Book Review: Three Leaves by Steven LaVey

Three Leaves


Three Leaves chronicles Steven LaVey’s struggles as a young man as he comes to terms with his life after fledging home from an overbearing and dominant mother. Split into three parts, each leaf of the book concerns the budding and falling of the author’s tragic romances. Throughout his search for his identity as an adult, he experiences the madness of love and an inability to control his violent emotions. This poignant memoir is the true account of a broken man nearly destroyed by his pent up rage and inability to trust anyone including himself. Three Leaves is the disturbing tale of a fight to the other side of madness and self-destruction. It reveals the man behind the trauma, the pain behind the rage, the heart behind the hatred.


The human mind can be a breeding ground for greatness or destructiveness. This true story tells us how a young man struggles with his emotions and pain due to several failures in love after leaving home. I love how the book is split into three parts, highlighting the author’s rise and fall of romances. These parts show how this man progresses from one chapter to another chapter of his life and how he mature and handles love, emotions, anger differently as he faces each failure.

I believe anyone who has gone through failures in life would be able to relate to Steven to an extent, and that is what makes this book an interesting read.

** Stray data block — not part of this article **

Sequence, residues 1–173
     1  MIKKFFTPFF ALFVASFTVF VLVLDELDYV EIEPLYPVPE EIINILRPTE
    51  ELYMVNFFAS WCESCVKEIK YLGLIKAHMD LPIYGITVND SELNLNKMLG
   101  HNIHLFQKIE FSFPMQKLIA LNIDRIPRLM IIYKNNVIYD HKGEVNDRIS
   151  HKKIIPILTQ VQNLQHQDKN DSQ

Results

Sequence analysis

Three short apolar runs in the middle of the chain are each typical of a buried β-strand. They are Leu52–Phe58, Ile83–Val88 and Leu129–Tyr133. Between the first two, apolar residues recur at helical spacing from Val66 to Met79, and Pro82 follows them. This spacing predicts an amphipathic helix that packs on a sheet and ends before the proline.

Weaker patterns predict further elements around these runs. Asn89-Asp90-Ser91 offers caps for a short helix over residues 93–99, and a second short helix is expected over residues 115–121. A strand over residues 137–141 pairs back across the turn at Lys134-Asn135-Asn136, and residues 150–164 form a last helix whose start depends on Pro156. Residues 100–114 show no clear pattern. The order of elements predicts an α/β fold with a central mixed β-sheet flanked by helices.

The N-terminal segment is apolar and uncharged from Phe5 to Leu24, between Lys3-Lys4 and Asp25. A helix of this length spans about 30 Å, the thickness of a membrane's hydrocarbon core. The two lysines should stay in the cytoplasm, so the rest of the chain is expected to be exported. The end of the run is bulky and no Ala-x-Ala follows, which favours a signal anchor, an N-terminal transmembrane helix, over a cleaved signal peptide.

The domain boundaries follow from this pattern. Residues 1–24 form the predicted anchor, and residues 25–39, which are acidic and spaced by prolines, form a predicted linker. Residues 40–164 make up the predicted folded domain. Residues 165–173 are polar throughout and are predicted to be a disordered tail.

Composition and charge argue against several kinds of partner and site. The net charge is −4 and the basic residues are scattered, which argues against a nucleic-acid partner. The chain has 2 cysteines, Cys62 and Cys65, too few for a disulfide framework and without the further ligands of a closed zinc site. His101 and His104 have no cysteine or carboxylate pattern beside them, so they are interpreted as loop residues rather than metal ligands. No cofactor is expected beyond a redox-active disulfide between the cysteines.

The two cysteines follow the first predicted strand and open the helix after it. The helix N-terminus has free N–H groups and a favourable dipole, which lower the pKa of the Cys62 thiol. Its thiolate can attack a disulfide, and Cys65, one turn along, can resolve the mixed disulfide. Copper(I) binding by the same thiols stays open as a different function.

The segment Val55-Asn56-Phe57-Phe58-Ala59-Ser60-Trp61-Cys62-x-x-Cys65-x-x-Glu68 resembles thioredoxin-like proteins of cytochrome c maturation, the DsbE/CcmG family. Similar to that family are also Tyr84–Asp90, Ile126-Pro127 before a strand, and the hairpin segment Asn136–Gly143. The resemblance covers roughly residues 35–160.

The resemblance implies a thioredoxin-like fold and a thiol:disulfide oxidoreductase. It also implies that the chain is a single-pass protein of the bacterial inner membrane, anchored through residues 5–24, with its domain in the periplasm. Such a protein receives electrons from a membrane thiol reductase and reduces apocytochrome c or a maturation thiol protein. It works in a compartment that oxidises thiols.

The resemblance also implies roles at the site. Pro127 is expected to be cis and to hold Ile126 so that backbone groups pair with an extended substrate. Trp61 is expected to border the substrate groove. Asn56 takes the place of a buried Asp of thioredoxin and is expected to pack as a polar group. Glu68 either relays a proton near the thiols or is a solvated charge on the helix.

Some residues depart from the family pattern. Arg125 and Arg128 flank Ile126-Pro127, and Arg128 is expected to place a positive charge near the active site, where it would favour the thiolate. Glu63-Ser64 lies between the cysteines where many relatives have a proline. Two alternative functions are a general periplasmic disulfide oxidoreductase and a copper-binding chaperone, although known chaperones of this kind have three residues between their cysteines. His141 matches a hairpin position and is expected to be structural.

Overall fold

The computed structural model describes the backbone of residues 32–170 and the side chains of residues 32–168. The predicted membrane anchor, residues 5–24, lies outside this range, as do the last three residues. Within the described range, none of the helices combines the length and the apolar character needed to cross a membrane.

4 stars for this book

About the author:

Steven LaVey gains sustenance entirely from bits of string and came forth into existence in a vacuum down the back of a settee in 1982. His main interests are solving crimes in his kegs and searching for Japanese prisoners of war in car parks around England. He lives and works in a small puddle.

From his Novocastrian lair he has contributed subversive articles, misanthropic short-fiction and vulgar poetry towards several print and digital magazines. He lists his interests as sex, the occult, eastern and western philosophy, the attainment of the perfection of the male human-animal form through physical trials, paleolithic cookery, the art of ancient brewing and the uses of mead in ritual, the writing and wisdom of Henry Miller, and the word-magic of William S. Burroughs. Steven LaVey describes his writing as an ongoing exercise in the attempt to understand the human-animal condition through empirical evaluation.

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